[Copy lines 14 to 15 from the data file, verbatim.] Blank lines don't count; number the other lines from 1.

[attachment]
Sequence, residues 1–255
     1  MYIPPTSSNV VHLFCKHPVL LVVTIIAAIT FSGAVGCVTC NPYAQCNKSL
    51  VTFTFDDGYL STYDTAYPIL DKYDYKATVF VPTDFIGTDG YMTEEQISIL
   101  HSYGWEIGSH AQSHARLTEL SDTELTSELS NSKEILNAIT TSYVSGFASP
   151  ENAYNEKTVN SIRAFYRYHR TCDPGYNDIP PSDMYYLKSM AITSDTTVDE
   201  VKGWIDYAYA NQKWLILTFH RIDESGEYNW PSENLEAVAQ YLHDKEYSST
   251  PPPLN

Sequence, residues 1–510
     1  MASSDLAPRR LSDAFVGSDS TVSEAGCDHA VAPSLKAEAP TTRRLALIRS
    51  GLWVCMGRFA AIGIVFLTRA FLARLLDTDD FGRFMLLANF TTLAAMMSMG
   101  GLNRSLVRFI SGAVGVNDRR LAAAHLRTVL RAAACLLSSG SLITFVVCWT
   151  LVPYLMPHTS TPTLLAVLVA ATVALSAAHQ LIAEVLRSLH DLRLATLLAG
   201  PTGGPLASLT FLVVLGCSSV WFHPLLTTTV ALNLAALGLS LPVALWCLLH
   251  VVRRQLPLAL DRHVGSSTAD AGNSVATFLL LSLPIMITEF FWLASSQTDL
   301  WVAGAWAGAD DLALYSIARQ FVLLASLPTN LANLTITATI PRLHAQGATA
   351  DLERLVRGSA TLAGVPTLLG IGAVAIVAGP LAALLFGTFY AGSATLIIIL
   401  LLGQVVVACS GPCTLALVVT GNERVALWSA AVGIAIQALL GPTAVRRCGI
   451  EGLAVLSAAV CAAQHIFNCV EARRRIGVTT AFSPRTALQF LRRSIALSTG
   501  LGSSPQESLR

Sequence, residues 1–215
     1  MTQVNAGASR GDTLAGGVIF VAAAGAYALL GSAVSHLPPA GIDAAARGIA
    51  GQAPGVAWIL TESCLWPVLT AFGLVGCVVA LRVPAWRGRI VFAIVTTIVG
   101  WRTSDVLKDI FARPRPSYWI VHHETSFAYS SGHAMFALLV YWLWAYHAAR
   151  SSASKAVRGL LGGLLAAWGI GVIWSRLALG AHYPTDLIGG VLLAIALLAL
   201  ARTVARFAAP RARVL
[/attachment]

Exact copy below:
   251  VVRRQLPLAL DRHVGSSTAD AGNSVATFLL LSLPIMITEF FWLASSQTDL
   301  WVAGAWAGAD DLALYSIARQ FVLLASLPTN LANLTITATI PRLHAQGATA